Homes with Central Vac
Typically, 50-foot Hide-A-Hose valves are installed in areas near all rooms with hard floors. A new HAH valve consists of a wall inlet and pipe run to the basement or attic where is it tied into any existing pipe run. The power of the existing suction tank is usually plenty to retract the central vacuum hose back into the pipe run.
Homes without a Central Vac
All new construction homes can be roughed-in with Hide-A-Hose. Unfortunately, changing existing central vacuum valves to HAH is not possible, because the existing pipe network has elbow connections that are too short. HAH connections are longer sweeping ones that minimize friction and allow the hose to move easily as it retracts.
Other Retractable Central Vacuum Hose Options:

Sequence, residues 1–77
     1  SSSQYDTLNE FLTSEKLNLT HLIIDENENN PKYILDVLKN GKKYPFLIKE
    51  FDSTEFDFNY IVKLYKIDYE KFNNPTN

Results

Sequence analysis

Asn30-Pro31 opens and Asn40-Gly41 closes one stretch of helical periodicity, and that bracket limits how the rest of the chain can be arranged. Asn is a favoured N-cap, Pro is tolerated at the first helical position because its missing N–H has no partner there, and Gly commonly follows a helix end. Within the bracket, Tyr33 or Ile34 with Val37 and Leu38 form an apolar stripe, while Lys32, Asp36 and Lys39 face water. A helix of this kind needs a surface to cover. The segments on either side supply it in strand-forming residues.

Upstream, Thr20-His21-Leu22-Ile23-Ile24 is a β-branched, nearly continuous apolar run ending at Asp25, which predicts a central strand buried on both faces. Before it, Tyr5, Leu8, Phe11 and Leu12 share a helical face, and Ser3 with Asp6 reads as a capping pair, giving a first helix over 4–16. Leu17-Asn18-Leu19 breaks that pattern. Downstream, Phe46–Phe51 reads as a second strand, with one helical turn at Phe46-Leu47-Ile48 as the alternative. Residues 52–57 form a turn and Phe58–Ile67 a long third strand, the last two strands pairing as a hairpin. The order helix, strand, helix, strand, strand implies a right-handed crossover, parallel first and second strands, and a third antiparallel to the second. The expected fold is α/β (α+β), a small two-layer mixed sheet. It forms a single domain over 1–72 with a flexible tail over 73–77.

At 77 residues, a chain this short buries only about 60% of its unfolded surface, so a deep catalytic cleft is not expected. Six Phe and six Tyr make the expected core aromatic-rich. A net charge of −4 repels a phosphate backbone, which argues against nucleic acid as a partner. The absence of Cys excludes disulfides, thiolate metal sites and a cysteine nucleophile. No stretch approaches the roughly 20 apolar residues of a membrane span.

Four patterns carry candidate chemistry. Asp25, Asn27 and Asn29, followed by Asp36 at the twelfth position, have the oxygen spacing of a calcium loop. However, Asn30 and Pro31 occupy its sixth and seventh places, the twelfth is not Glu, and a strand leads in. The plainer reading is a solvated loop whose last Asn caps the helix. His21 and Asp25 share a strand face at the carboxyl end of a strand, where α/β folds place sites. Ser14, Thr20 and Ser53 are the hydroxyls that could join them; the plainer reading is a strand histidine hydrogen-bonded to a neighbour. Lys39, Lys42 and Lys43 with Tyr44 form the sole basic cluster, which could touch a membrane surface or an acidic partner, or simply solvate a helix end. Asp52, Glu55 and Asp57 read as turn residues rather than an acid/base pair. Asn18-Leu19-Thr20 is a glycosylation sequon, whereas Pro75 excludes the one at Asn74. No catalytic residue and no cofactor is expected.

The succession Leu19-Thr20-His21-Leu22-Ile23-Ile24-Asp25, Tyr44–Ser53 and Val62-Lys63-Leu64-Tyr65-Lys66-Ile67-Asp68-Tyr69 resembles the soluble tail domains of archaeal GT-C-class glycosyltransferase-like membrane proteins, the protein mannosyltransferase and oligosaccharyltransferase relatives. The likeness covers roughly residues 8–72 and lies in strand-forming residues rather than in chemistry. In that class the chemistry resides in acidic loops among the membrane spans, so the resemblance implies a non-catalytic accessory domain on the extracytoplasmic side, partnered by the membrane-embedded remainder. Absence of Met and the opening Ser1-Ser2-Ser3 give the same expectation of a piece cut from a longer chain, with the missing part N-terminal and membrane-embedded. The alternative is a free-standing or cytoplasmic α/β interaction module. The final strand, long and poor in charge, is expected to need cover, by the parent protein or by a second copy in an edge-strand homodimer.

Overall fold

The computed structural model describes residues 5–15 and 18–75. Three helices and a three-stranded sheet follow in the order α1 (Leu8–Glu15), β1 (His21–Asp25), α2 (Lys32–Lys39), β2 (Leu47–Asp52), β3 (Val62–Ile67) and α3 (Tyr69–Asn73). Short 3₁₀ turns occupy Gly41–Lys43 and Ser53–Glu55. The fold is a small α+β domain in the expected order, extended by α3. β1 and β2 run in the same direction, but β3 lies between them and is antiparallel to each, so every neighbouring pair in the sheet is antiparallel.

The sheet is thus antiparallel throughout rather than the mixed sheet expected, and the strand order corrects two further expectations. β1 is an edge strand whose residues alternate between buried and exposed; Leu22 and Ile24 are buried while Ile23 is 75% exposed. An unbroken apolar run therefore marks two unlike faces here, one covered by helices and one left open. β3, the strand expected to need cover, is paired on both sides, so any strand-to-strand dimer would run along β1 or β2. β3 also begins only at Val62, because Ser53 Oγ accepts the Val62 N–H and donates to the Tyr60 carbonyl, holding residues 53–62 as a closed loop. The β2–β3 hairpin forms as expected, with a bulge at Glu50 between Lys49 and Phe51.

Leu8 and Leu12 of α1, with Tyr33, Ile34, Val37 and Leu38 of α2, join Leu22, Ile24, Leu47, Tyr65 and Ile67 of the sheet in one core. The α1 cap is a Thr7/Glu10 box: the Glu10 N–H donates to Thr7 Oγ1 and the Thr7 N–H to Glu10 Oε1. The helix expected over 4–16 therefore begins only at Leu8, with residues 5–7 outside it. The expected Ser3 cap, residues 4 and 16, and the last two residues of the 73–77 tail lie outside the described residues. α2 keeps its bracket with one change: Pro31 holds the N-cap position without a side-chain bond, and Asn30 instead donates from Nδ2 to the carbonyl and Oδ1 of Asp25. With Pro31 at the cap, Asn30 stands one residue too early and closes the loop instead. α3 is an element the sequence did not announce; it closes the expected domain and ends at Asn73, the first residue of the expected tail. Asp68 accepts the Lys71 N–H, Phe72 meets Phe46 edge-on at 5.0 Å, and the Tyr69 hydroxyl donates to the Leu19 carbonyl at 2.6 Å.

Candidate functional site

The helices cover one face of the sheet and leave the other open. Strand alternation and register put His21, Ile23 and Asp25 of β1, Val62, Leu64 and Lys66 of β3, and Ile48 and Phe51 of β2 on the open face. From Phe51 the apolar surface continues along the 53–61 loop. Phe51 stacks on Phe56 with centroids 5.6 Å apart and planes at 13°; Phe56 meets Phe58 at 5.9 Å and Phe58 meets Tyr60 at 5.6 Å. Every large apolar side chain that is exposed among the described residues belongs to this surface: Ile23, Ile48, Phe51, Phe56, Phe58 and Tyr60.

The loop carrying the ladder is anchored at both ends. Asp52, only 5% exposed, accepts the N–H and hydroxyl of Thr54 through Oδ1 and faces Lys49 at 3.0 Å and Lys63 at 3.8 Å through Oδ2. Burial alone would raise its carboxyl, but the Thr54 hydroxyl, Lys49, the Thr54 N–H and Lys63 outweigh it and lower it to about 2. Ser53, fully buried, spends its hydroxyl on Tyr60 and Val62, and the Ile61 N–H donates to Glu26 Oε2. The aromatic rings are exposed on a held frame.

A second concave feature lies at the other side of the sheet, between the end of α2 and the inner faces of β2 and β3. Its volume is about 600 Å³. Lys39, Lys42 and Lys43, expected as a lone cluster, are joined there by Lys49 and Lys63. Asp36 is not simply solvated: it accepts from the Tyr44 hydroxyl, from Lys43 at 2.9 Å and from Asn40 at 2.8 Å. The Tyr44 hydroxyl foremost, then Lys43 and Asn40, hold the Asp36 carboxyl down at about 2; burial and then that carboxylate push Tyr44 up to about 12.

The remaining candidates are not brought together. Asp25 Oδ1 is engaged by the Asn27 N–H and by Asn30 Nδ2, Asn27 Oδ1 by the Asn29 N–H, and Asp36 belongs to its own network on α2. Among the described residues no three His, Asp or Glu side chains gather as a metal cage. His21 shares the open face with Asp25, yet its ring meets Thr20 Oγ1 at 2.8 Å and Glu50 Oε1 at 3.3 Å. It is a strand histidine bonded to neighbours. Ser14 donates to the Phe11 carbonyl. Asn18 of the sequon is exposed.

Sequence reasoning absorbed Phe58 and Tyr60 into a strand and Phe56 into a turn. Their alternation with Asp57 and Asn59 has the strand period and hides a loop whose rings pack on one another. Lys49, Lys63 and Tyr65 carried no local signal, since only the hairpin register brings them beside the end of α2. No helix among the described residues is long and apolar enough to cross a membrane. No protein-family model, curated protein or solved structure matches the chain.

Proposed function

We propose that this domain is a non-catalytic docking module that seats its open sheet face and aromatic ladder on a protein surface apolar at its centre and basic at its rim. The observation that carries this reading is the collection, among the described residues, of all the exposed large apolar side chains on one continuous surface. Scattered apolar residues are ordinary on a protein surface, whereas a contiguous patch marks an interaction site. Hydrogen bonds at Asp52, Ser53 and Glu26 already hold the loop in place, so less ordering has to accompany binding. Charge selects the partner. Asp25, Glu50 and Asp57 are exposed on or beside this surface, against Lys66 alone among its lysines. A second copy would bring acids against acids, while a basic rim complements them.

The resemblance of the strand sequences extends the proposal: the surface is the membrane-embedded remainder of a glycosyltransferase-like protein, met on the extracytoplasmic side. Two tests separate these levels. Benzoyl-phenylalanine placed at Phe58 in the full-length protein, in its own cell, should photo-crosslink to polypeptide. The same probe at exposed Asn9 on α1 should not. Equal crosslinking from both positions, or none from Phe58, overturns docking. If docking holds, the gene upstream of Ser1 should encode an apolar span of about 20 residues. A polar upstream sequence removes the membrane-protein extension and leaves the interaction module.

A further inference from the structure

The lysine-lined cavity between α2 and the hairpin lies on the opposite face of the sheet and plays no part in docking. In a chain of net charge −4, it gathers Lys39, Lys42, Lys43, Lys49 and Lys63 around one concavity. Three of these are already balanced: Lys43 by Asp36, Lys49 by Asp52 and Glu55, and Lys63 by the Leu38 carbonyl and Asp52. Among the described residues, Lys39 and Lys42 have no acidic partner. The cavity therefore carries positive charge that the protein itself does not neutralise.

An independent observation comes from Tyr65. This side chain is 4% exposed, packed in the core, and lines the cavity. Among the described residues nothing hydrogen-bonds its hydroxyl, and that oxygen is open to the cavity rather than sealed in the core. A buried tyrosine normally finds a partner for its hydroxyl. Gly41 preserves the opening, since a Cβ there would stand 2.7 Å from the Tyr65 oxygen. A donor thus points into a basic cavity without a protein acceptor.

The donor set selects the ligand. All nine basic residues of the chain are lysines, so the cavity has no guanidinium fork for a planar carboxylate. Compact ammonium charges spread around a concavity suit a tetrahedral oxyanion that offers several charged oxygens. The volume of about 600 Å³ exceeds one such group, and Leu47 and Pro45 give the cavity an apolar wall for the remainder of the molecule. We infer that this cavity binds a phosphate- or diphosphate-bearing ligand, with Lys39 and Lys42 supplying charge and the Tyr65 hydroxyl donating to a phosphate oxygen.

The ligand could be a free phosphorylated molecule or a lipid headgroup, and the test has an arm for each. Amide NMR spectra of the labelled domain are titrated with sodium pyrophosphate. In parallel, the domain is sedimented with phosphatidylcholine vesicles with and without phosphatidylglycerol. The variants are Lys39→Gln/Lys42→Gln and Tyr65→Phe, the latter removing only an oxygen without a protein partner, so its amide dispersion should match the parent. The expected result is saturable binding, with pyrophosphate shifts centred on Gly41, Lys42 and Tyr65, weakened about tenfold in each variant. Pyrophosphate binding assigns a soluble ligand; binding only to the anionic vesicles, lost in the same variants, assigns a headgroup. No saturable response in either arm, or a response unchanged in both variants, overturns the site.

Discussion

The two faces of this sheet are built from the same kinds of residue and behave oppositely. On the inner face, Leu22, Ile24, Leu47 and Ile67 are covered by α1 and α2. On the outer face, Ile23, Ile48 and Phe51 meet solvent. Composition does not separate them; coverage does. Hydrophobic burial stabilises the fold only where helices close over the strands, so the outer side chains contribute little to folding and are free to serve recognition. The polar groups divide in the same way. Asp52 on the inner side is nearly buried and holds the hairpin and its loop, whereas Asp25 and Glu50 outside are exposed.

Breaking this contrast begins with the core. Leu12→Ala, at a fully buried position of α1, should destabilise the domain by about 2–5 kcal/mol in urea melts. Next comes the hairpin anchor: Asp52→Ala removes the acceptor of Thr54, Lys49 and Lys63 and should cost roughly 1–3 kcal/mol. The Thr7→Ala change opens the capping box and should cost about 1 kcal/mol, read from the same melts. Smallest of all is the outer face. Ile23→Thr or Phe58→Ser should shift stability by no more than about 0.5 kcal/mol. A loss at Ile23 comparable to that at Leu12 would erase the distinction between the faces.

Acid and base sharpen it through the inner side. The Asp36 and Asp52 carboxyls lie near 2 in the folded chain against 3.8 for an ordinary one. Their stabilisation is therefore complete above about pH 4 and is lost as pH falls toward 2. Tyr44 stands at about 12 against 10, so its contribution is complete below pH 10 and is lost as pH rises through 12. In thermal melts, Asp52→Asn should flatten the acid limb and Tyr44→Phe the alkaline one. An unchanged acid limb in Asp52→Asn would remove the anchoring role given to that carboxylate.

Through the years many companies have tried their hand dealing with the central vacuum hose. In our opinion none have come close to the features of Hide-A-Hose, but here are some of the others. Cubby Vac contains a motor and hose at every single inlet valve location. The wall footprint is very large when installed. It exhausts back into the room rather than outside the living area as a real central vacuum would. Another has gone through several owners and name changes. Vacs America made a product called Hose Genie, also sold by Hoover, and then Canavac offered it, calling it the Doc-It Vacuum. Its slow motor pushes the hose into a wall cavity and it gets its suction from the central vacuum system. Installation requires two stud bays and the plate on the wall is still rather large. Both of these retractable hose systems are more expensive than Hide-A-Hose and have lacked popularity even though they have been on the market for a number of years. They require a very heavy bulky hose and lack much of the convenience that they were seeking to achieve.